Pain and addiction: An urgent need for change in nursing education

Betty R. Ferrell, Margo McCaffery, Michelle Rhiner

Research output: Contribution to journalArticlepeer-review

61 Scopus citations


Lack of education of health care professionals, including nurses, is frequently cited as a major reason for undertreatment of patients with pain. A reason for undertreatment of pain with opioid analgesics is the irrational fear of creating opioid addiction. To characterize the information nurses receive in their basic education that could contribute to misinformation about this issue, the authors reviewed 14 nursing textbooks, published since 1985, including 8 pharmacology texts and 6 medical surgical texts. An analysis of content revealed that only one textbook correctly stated the definition of opioid addiction and its likelihood following use of opioid analgesics for pain control. Almost all of the texts used confusing terminology, and some erroneously promoted the fear of addiction when opioids are used for pain relief. A simple solution to this problem is to encourage nursing educators to use the American Pain Society publication "Guidelines for Analgesic Use" until textbooks have the opportunity to incorporate correct information.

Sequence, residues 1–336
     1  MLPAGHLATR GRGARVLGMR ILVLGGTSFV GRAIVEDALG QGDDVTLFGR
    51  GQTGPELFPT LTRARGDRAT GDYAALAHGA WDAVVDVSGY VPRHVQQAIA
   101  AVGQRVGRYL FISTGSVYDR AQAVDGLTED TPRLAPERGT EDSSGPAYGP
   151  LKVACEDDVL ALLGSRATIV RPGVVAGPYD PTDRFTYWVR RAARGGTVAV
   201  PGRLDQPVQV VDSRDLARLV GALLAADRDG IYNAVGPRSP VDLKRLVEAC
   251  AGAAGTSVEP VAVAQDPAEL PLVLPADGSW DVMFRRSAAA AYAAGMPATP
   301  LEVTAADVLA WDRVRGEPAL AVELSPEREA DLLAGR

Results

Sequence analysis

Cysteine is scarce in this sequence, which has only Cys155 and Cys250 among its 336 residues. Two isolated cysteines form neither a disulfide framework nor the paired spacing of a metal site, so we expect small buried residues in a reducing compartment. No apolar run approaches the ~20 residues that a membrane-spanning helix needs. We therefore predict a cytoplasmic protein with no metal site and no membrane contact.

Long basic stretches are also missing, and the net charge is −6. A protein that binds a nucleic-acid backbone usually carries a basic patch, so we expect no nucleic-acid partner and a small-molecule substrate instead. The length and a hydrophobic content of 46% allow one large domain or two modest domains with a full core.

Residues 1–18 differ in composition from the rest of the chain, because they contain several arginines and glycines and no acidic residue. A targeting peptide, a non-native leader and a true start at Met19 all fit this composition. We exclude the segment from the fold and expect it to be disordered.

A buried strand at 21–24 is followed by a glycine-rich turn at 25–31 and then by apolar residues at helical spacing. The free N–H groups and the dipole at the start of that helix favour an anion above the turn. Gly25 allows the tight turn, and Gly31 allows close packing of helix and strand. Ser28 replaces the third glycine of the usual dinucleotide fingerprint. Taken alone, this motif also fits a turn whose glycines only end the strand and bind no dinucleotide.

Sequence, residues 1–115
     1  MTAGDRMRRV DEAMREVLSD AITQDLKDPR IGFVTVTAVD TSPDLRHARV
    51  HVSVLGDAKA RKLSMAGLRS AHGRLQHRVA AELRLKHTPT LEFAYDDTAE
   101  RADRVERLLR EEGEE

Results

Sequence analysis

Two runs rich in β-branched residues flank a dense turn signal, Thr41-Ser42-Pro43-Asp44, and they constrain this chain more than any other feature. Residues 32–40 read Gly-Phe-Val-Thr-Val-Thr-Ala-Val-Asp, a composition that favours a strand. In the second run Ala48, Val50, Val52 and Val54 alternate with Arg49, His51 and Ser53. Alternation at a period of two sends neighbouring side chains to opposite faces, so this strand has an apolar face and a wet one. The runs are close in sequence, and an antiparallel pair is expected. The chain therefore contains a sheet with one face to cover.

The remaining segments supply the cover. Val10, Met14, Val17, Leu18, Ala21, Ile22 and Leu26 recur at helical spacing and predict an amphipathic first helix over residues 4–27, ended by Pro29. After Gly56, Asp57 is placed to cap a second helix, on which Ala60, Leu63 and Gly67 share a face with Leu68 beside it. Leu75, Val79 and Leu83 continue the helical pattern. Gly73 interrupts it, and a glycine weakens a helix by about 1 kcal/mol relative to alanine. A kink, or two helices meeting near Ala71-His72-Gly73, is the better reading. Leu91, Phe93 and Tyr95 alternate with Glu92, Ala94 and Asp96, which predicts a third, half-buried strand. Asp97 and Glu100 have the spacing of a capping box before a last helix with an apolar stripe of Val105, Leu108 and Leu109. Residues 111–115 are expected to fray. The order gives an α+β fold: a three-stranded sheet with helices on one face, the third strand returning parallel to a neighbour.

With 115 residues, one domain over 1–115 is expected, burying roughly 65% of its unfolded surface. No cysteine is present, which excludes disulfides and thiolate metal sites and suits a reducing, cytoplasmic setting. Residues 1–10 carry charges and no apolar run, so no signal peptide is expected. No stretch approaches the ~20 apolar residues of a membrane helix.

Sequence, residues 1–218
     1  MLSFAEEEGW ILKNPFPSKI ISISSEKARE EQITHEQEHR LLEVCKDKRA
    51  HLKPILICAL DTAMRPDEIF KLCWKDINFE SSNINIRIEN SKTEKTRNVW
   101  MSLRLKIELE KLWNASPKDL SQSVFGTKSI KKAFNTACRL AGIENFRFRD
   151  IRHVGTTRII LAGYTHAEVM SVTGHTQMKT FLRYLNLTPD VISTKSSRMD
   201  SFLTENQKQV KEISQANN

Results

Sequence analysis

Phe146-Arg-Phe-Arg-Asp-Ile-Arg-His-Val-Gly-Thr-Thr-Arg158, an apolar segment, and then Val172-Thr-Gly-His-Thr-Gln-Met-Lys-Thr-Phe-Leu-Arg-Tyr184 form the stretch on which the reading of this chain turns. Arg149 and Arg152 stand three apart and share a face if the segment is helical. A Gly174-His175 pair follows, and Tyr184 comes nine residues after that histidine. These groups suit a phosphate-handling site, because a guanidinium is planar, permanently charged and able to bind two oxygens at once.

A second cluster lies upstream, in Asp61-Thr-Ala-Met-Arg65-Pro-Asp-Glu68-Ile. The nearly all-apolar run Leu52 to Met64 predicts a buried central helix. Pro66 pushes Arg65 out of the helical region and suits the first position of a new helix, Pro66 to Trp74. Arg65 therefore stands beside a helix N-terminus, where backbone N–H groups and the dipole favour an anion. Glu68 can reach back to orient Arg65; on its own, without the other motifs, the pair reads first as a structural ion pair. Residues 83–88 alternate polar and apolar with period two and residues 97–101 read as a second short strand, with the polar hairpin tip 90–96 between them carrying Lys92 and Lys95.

Original languageEnglish (US)
Pages (from-to)117-124
Number of pages8
JournalJournal of Pain and Symptom Management
Issue number2
StatePublished - Feb 1992


  • Nursing education
  • nursing textbooks
  • opioid addiction

ASJC Scopus subject areas

  • Nursing(all)
  • Clinical Neurology
  • Anesthesiology and Pain Medicine


Dive into the research topics of 'Pain and addiction: An urgent need for change in nursing education'. Together they form a unique fingerprint.

Cite this